French restaurant speaks out after people confuse signature poutine dish as tribute to Putin

vt-author-image

By Carina Murphy

Article saved!Article saved!

A Paris restaurant has spoken out about its signature poutine dish - which apparently many angry customers thought was named after Russian President Vladimir Putin.

Le Maison de la Poutine - which translates to 'the House of Poutine' - tweeted on Friday that they had been receiving "calls of insults and even threats" due to its name and popular menu item, The Independent reports.

Poutine is a French-Canadian dish composed of fries topped with cheese curds and a gravy sauce. It's popular in both Canada and France and - most importantly - involves absolutely no relation to Russian President Vladimir Putin or his recent military invasion of Ukraine.

According to a translation by The Guardian, the restaurant tweeted a passionate defense of poutine, writing: "Our dish was born in Quebec in the 1950s. And the stories to tell its origin are numerous. But one thing is certain: poutine was created by passionate cooks who wanted to bring joy and comfort to their customers."

The eatery went on to express their support for the Ukrainian people. "The House of Poutine has worked since its first day to perpetuate these values and today brings its most sincere support to the Ukrainian people who are courageously fighting for their freedom against the tyrannical Russian regime," read their statement.

Meanwhile, Le Maison de la Poutine isn't the only restaurant to face controversy over the unfortunately-named dish.

According to The Guardian, one Quebec-based diner even decided to rename their poutine-style dishes in order to distance themselves from the Russian President's name.

Le Roy Jucep - which claims to have invented poutine in the 1950s - has pivoted to instead refer to itself as "the inventor of the fries-cheese-gravy". A little more on the nose.

wp-image-1263147182 size-full
Credit: Hemis / Alamy

"Dear clients, Tonight the Jucep team decided to temporarily retire the word P**tine from its trademark in order to express, in its own way, its profound dismay over the situation in Ukraine," the diner wrote in a now-deleted Facebook post.

The name 'poutine' is widely believed to come from the French-Canadian pronunciation of the English word 'pudding', in reference to the hot mushy meal.

 Featured Image Credit: Lee Brown / Alamy

French restaurant speaks out after people confuse signature poutine dish as tribute to Putin

vt-author-image

By Carina Murphy

Article saved!Article saved!

A Paris restaurant has spoken out about its signature poutine dish - which apparently many angry customers thought was named after Russian President Vladimir Putin.

Le Maison de la Poutine - which translates to 'the House of Poutine' - tweeted on Friday that they had been receiving "calls of insults and even threats" due to its name and popular menu item, The Independent reports.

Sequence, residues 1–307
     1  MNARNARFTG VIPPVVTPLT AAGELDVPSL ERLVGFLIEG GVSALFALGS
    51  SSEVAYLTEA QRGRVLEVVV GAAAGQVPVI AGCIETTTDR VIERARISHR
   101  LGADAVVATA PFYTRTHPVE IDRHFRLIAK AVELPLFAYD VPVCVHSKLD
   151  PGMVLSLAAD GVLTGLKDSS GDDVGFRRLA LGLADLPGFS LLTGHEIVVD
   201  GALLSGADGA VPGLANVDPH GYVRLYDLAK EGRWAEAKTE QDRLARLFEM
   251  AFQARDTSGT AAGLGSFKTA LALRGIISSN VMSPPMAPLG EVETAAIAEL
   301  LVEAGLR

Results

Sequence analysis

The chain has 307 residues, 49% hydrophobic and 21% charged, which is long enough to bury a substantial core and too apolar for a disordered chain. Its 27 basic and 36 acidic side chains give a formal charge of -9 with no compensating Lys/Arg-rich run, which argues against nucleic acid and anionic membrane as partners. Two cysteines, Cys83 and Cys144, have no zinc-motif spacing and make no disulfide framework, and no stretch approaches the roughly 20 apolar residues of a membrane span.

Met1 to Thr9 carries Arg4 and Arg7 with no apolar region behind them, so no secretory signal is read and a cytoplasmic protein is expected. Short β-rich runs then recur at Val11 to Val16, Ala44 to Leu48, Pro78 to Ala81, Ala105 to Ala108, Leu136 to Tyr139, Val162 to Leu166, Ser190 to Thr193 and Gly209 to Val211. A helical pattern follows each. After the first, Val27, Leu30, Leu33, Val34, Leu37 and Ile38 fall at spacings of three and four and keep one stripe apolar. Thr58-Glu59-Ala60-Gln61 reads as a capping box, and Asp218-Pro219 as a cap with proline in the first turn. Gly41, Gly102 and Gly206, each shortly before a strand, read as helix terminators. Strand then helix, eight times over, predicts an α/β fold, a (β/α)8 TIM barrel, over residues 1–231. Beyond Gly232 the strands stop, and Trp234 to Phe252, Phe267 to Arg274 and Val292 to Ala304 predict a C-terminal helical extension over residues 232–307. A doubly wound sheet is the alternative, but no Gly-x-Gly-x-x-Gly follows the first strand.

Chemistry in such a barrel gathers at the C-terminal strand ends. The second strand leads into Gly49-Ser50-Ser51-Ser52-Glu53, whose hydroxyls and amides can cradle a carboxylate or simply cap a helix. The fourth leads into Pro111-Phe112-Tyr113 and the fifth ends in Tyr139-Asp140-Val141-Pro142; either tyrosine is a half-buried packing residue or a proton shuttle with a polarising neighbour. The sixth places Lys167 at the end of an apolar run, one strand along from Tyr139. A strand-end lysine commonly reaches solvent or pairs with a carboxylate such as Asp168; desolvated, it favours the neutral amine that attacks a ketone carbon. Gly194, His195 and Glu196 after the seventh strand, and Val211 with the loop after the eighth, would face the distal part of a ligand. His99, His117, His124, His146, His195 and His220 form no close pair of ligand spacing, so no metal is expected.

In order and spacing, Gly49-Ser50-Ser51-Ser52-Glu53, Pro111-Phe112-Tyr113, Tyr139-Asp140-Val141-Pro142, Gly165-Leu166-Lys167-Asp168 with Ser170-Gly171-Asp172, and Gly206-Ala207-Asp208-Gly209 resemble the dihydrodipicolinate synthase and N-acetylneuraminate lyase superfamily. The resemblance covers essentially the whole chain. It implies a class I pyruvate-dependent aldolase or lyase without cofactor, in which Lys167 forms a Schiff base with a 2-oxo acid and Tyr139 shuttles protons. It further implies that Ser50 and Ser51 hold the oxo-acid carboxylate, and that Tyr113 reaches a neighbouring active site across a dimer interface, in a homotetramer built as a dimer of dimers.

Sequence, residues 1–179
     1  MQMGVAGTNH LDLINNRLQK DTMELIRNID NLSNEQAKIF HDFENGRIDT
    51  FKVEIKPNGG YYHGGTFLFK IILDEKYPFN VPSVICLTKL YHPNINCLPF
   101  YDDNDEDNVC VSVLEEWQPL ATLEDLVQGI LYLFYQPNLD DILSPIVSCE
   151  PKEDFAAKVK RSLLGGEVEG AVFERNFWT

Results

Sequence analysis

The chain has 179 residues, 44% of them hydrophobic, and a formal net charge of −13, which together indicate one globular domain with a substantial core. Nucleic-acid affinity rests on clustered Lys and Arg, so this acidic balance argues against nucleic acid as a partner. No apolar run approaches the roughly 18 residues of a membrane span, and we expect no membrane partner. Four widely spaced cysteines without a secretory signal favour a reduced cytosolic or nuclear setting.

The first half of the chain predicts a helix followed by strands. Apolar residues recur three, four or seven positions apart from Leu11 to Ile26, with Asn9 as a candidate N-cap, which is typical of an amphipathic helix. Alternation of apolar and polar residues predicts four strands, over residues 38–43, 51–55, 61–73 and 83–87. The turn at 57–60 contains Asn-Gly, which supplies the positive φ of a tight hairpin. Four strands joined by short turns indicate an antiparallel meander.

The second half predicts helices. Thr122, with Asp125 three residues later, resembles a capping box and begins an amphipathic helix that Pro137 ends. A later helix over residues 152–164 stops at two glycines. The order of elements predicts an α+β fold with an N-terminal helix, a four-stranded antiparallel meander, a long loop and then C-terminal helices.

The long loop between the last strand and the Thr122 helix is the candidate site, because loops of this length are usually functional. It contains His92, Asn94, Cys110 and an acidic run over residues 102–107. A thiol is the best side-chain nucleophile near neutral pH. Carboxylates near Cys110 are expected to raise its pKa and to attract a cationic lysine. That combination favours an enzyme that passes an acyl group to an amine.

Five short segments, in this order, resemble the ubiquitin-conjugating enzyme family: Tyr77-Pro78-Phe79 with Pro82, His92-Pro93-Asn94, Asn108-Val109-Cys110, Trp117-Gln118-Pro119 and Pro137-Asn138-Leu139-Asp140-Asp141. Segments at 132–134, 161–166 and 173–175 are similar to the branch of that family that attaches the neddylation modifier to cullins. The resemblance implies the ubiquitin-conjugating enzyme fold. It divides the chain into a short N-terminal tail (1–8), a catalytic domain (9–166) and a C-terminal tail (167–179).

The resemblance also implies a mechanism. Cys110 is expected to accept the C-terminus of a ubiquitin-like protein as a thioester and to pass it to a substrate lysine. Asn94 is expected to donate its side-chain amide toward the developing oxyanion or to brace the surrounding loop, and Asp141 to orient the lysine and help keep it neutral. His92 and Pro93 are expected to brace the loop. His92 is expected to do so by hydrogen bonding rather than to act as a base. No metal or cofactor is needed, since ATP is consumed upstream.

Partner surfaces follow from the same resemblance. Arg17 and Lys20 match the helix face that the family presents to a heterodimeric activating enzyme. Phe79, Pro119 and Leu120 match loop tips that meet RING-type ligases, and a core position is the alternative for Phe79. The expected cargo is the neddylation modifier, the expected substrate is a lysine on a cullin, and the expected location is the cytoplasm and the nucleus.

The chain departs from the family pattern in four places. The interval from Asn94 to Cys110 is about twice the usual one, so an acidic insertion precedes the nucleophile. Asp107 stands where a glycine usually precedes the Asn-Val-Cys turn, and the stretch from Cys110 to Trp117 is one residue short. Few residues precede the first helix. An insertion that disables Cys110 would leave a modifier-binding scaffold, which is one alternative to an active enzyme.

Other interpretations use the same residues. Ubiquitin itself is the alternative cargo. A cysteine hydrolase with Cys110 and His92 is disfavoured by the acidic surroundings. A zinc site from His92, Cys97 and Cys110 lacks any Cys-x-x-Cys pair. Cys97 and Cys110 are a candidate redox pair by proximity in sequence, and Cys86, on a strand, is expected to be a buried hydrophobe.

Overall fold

Poutine is a French-Canadian dish composed of fries topped with cheese curds and a gravy sauce. It's popular in both Canada and France and - most importantly - involves absolutely no relation to Russian President Vladimir Putin or his recent military invasion of Ukraine.

According to a translation by The Guardian, the restaurant tweeted a passionate defense of poutine, writing: "Our dish was born in Quebec in the 1950s. And the stories to tell its origin are numerous. But one thing is certain: poutine was created by passionate cooks who wanted to bring joy and comfort to their customers."

The eatery went on to express their support for the Ukrainian people. "The House of Poutine has worked since its first day to perpetuate these values and today brings its most sincere support to the Ukrainian people who are courageously fighting for their freedom against the tyrannical Russian regime," read their statement.

Meanwhile, Le Maison de la Poutine isn't the only restaurant to face controversy over the unfortunately-named dish.

According to The Guardian, one Quebec-based diner even decided to rename their poutine-style dishes in order to distance themselves from the Russian President's name.

Le Roy Jucep - which claims to have invented poutine in the 1950s - has pivoted to instead refer to itself as "the inventor of the fries-cheese-gravy". A little more on the nose.

wp-image-1263147182 size-full
Credit: Hemis / Alamy

"Dear clients, Tonight the Jucep team decided to temporarily retire the word P**tine from its trademark in order to express, in its own way, its profound dismay over the situation in Ukraine," the diner wrote in a now-deleted Facebook post.

The name 'poutine' is widely believed to come from the French-Canadian pronunciation of the English word 'pudding', in reference to the hot mushy meal.

 Featured Image Credit: Lee Brown / Alamy